Writing habits

An equally apt title would be writing madness given the events of the past two days. When I originally decided to write a post about this I was worried because I was not writing enough, I don’t have that problem at the moment. I’ve written more in the past few days than I have all month. Of course I can’t help but want to know why exactly that is, to pick about what is so different about this week than all the others. I wonder if it’s my “anything can happen” directive that has sparked this bout of creativity. Strange if it is, seeing as how I don’t like chaos and disorder usually. Though I have a feeling my kind of chaos is a little bit more organised than most, plus it’s easier to deal with when you are the architect of said chaos. Another possible reason may be the complete lack of pretence at an attempt at balance, I’ve let my obsessions have free reign and I haven’t pretended otherwise.

I came up with an interesting possible explanation for my lack of interest in writing anything fiction related these past few weeks. I’d never considered how social a process it was. I mean that in the sense that in order to write anything, you have to spend time with your characters, sometimes talking to them and playing scenes out in your head and I guess recently I’ve had more than enough social time. I know that part must be true because of the lack of Hansi (in human or android form), if I don’t want him around then I really must have had enough social time. I think that’s also the reason for the fact that I’ve spent a large part of my waking hours playing Fallout 3, there’s nothing better for such a state then wandering alone through the wasteland, all alone but for your trusty weapons. It’s heaven in a sense, there’s no-one to bother you and even better, you get to collect things.

On one hand it’s interesting, the randomness of ideas and how they come about. Just the day before yesterday I had a really random idea upon waking up related to my third android story, it’s as if I woke up just to make a note of it because I went back to sleep afterwards. I have a feeling what I was dreaming about was related but I have no way of knowing that, I also have a feeling my dream was Jogi related (but then it always feels that way) or possibly Schneider related. Given that I call him a bot, that would make a lot of sense. And on the other it’s annoying because I like to know why, I like to track back the process of how and where an idea came from.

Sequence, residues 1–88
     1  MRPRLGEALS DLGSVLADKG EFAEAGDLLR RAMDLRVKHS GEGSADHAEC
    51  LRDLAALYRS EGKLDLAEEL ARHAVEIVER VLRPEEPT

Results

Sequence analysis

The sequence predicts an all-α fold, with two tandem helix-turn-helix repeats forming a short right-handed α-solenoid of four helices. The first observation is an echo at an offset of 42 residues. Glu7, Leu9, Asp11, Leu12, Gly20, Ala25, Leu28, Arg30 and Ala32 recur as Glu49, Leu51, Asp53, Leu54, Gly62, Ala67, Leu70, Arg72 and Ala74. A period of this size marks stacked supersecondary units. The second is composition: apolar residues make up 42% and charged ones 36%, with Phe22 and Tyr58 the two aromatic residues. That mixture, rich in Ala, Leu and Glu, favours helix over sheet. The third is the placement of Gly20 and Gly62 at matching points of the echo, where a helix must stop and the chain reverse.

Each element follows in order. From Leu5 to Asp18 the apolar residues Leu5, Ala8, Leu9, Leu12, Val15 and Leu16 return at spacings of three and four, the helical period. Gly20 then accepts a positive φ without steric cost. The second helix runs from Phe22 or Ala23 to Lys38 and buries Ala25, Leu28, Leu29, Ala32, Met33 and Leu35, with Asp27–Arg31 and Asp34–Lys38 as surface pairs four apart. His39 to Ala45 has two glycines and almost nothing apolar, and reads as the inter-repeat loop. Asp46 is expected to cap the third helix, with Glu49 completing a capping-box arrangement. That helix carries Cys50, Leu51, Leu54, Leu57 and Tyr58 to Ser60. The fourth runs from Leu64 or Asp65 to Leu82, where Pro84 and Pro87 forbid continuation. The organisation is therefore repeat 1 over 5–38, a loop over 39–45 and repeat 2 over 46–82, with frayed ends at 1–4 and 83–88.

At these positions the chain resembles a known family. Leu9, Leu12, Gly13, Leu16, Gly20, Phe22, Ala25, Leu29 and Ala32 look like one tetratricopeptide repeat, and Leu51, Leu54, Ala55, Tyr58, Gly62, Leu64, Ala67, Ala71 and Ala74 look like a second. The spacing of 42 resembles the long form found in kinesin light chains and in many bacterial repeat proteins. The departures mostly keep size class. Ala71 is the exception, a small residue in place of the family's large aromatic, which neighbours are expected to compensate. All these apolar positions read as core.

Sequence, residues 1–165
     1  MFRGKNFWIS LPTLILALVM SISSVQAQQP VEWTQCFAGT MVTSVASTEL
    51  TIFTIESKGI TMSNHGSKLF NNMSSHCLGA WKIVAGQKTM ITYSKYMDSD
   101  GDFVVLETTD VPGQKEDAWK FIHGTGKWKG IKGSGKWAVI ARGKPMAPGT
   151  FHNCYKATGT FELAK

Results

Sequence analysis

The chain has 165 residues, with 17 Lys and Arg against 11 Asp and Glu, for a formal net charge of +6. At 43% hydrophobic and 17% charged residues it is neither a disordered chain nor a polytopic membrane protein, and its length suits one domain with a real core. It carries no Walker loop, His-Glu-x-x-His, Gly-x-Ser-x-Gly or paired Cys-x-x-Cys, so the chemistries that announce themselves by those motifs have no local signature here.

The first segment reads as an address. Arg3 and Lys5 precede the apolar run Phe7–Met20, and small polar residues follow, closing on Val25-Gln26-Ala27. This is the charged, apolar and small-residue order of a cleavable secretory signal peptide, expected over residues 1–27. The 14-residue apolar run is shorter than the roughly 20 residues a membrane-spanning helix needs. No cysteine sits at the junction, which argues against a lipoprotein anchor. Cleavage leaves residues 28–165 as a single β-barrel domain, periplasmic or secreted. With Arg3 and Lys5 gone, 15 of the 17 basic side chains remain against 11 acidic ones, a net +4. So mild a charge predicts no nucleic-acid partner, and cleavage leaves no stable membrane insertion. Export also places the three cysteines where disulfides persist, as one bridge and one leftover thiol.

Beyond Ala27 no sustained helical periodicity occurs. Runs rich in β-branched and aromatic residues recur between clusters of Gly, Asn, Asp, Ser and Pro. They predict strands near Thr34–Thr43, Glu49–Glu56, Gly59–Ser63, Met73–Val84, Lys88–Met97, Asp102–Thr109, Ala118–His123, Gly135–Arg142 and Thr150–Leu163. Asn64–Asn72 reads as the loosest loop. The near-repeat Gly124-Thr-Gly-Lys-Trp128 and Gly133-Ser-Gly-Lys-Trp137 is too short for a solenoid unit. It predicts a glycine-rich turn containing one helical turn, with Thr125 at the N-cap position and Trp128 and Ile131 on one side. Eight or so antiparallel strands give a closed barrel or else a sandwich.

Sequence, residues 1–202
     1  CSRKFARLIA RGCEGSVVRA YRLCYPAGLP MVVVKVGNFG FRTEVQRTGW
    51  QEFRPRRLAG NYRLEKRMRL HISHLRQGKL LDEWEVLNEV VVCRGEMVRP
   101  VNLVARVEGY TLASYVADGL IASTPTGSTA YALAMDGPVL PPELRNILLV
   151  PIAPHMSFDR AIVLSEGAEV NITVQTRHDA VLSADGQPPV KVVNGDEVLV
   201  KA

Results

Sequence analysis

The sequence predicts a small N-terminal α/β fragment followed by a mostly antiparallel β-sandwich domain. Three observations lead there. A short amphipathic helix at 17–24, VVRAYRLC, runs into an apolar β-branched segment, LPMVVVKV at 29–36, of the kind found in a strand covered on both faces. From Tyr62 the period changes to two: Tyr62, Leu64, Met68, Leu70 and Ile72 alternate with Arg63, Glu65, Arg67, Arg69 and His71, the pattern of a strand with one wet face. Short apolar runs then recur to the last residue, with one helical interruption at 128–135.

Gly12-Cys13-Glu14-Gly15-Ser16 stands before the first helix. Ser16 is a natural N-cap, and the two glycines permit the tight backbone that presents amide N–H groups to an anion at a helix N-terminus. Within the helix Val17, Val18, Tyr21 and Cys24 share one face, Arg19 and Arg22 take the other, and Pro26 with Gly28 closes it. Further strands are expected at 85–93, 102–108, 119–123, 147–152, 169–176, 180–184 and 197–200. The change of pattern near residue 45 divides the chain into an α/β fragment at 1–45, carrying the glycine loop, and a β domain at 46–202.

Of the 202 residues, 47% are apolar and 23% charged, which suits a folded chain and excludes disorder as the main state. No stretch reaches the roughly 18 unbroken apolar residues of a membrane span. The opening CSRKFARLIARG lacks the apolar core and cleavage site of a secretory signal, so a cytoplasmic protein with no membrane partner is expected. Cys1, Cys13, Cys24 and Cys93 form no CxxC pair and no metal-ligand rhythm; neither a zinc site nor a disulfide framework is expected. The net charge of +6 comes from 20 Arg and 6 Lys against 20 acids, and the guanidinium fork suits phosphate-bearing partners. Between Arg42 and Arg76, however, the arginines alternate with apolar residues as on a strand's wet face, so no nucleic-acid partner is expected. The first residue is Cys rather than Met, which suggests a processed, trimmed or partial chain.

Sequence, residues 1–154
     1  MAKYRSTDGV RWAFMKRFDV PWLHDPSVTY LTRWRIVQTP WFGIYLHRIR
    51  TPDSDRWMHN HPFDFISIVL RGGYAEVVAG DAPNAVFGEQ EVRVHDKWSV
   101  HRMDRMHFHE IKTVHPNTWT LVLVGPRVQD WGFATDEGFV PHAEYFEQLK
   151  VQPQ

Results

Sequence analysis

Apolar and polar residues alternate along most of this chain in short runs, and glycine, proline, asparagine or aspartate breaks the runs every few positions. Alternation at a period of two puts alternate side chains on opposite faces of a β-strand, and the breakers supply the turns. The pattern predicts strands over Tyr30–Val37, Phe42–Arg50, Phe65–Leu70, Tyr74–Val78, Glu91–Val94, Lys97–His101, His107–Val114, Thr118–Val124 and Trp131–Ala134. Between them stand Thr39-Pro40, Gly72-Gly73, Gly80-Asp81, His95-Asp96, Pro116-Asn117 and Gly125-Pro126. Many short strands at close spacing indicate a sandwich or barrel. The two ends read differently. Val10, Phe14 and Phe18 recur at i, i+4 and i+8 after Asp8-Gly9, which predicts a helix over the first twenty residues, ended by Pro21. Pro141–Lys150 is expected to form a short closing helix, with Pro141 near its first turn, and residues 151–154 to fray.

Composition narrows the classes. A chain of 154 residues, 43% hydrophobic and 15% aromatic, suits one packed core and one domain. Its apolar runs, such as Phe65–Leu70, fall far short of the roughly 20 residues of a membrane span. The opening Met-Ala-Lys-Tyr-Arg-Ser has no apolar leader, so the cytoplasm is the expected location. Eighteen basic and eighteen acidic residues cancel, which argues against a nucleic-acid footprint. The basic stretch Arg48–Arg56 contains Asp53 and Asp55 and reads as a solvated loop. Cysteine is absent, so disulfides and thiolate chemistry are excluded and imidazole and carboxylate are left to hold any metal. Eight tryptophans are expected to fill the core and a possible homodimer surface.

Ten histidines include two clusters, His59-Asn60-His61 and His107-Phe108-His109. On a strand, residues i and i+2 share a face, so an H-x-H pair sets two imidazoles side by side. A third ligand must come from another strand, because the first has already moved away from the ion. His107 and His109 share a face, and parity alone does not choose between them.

Something similar happened with the Jogi song as well, I was thinking of nothing more than his name when I started writing that and soon as I wrote the first verse, the second easily followed. Sometimes, in fact most of the time you don’t even have to try, it’s just about letting the right thoughts have free reign, about making sure there is a conducive atmosphere for them to flourish in, the right kind of head space. That’s frustrating though because it can be so unpredictable, one day you can write five pages and the next day nothing at all. The writing may not require much effort once you’ve started but getting there in the first place does, I find some quiet time usually does the trick. Occasionally you have to physically separate yourself from all your gadgets, as useful as they can be they can also be a terrible distraction.

Now if only I could stop obsessing over the name of my protagonist, I can’t write anything for that story until I settle on his name. I’ve gone through four names now since starting. First Manuel (after Neuer), then Roman (for Bürki and Weidenfeller – plus it’s German for novel), then Jürgen (after Klinsmann) and then finally Hans-Jürgen. I thought I had solved the problem with that last choice, but once again for reasons I don’t understand, it too has been rejected. My first choice was Hans-Joachim but was rejected for being far too obvious, now I’m wondering if that’s not the case, if sometimes the best choice is indeed the simplest and most obvious one.  Getting hung up on details like that is just finding an excuse not to get on with the story. Even if Hans-Joachim proves to be just a temporary name, I should use it if it means I finish the chapter I was on and start on the next one.

3 responses to “Writing habits

  1. I like your observation about how social a process writing fiction can be. When I read fiction, I often feel connected to the characters and am disappointed when the book ends. It’s like having a friend move away and never finding out what happened to him//her.

    • That’s a good way of putting it. It’s made me think of it from another angle too, if it’s hard for a reader to let go of a character, how much harder is it for the writer to do so. I wonder if people ever put off finishing a story for that reason, especially if it’s something you’ve been working on for a while. Then the characters have been around for so long, it’s like they are a part of you life.

      • If an author’s work is driven by the characters, that’d be tough. Some authors are more plot-focused, and when the story ends or the mystery is solved their content to move on. I prefer character-driven novels myself. I think they’re harder to control plot-wise because sometimes the person your character has evolved into simply wouldn’t do the sort of thing you’d originally planned to have them do. To me, stories are about motive, and it’s difficult to enjoy a story when you don’t know enough about the characters to understand what drives their behaviour.

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